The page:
The internet has become riddled with malicious links and viruses. Data breaches are more frequent, and users are more vulnerable than ever before. When one click can cost thousands or even millions of dollars, users need actionable to-do’s to help them stay safe online and be cyber smart.
We developed ten security tips from our experience within the security industry for businesses and individuals. With these personal cyber security tips, you can become more cyber smart.
1. Safeguard your personal information; don’t share personal info.
When malicious hackers can’t find a security vulnerability, they’ll attack in other ways, so beware of Social Engineering. This type of attack is more on the user’s mind than on the device to gain access to systems and information. Cybercriminals develop creative ways to dupe users, especially with publicly available information online and over social media.
2. Think before you click; double-check and verify links.
Clicking Without Thinking Is Reckless. Malicious links can damage several different ways, so be sure links are from trusted senders before clicking. If you can click doesn’t mean you have to; it can cost you a hefty sum.
3. Be careful with public WiFi; use secure public internet.
Connect Securely. You might want to connect your device to an unsecured public connection, but it’s not worth it when you weigh the potential consequences. Only connect to private networks, especially when handling sensitive information.
4. Make sure your connections are secure; use a VPN.
If you are in an emergency and need to use public WiFi, please use a Virtual Private Network (VPN). When you use VPN software, the traffic between your device and the VPN server is encrypted, and it’s much more difficult for a cybercriminal to obtain access to your data on your device.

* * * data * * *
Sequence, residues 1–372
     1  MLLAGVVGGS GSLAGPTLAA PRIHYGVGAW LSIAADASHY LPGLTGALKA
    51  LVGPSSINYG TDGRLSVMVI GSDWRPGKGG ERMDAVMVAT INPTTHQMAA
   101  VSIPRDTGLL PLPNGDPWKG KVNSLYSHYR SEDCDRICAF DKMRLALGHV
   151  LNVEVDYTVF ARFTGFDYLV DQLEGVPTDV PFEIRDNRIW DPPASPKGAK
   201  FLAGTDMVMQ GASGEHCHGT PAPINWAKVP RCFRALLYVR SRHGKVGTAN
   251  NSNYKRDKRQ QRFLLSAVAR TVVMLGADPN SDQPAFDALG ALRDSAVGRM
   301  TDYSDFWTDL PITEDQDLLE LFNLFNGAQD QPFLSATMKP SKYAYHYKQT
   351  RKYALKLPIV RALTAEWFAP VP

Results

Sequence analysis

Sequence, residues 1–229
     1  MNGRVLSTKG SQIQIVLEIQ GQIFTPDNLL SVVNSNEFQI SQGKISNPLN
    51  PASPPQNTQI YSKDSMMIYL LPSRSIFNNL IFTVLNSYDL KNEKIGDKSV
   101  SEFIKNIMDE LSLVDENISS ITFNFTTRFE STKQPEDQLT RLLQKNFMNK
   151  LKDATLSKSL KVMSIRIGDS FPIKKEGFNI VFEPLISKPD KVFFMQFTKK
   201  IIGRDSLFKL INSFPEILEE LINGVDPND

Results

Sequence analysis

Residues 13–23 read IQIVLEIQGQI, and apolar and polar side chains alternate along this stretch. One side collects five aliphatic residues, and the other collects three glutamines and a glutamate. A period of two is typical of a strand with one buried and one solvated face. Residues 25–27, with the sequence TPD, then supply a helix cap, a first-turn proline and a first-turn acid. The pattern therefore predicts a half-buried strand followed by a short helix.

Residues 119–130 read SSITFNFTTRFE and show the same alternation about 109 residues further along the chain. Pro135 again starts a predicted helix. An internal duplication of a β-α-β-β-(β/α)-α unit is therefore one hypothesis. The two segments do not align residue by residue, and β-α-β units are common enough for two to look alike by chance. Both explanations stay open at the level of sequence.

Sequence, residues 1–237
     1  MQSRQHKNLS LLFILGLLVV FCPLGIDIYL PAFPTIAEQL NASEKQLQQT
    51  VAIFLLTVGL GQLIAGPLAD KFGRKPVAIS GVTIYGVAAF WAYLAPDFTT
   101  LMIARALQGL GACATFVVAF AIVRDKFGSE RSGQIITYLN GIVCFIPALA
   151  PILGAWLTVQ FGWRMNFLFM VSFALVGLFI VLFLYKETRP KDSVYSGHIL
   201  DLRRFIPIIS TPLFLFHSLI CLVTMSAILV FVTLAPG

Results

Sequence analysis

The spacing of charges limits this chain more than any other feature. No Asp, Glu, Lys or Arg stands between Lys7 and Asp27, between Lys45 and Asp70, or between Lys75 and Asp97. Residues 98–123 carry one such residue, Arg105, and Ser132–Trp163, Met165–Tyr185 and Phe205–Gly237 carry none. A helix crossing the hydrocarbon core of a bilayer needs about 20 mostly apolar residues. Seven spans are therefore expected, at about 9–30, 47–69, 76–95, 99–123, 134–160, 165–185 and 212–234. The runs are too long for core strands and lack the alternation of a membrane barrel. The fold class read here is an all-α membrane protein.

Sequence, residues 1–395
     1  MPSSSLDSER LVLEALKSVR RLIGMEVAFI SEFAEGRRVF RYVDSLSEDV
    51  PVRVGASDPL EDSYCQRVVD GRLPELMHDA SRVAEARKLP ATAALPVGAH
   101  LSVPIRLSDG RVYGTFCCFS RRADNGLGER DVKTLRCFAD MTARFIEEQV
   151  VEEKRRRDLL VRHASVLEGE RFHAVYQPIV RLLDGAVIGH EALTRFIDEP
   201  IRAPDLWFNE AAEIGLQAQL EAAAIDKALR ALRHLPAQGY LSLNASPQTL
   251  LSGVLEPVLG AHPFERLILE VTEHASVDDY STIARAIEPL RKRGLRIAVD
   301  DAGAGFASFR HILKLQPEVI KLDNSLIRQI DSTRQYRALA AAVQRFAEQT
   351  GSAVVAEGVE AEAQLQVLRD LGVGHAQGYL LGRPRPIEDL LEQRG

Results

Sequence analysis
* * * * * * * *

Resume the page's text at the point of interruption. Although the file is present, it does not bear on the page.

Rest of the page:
5. Ensure your connections are secure; only use sites that start with HTTP:// and have valid certificates.
When you visit a website, it will use either the Hypertext Transfer Protocol (HTTP) or Hypertext Transfer Protocol Secure (HTTPS). Please make sure the latter option is enabled as it uses a layer of encryption.
Remember that while HTTPS is best used by default in general browsing for online purchases, this protocol is crucial to protect your payment. To reduce your risk of theft as much as possible, you shouldn’t give any critical information to websites without HTTPS enabled.
Look in the address bar for “HTTPS://,” to find out if it is enabled. Many browsers also show a closed padlock.
6. Verify your connections; be careful who you chat with.
If you get an email from your “boss,” verify the email address he usually uses for your communications. If a friend changed their social account, find out if it is legit before starting the conversation. It’s more important than ever to know that the persons you’re virtually talking to are really who they say they are.
7. Safeguard your connections; turn off your Bluetooth when not in use.
Devices can be hacked via Bluetooth, and as a consequence, your private information can be stolen. Disable Bluetooth when you don’t need it. If there is no reason to have your Bluetooth on, turn it off!
8. Safeguard your personal devices; use antivirus software.
As long as you are connected to the web, it’s impossible to have total protection from malware. Still, you can significantly reduce your risk by ensuring you have an antivirus and at least one anti-malware installed on your computers.
9. Be security aware; use secure passwords.
Don’t be lazy with your passwords! Put more effort into creating your passwords. You can use a tool like how secure is my password to find out how strong your passwords are.
10. Safeguard your data; maintain secure data backups.
Back up important data. Critical data can be lost in case of a security breach. To be prepared and restore your data, you should ensure your information is backed up frequently on a local storage device or the cloud.
Remember: It can happen to you
Cybercriminals do not discriminate in targeting all sorts of users. The most damaging thought you can have is “it won’t happen to me,” or “I only visit safe websites.” That kind of mistake couldn’t be undone with “ctrl + Z.”
Simple cyber security tips like these can fully help you prevent a catastrophe, but they’ve only scratched the surface of how you can be educated and protected. It’s part of CyberWarrior’s mission to educate more people so you and we all can be cyber smart.
If you want to learn more about this interesting topic, contact us.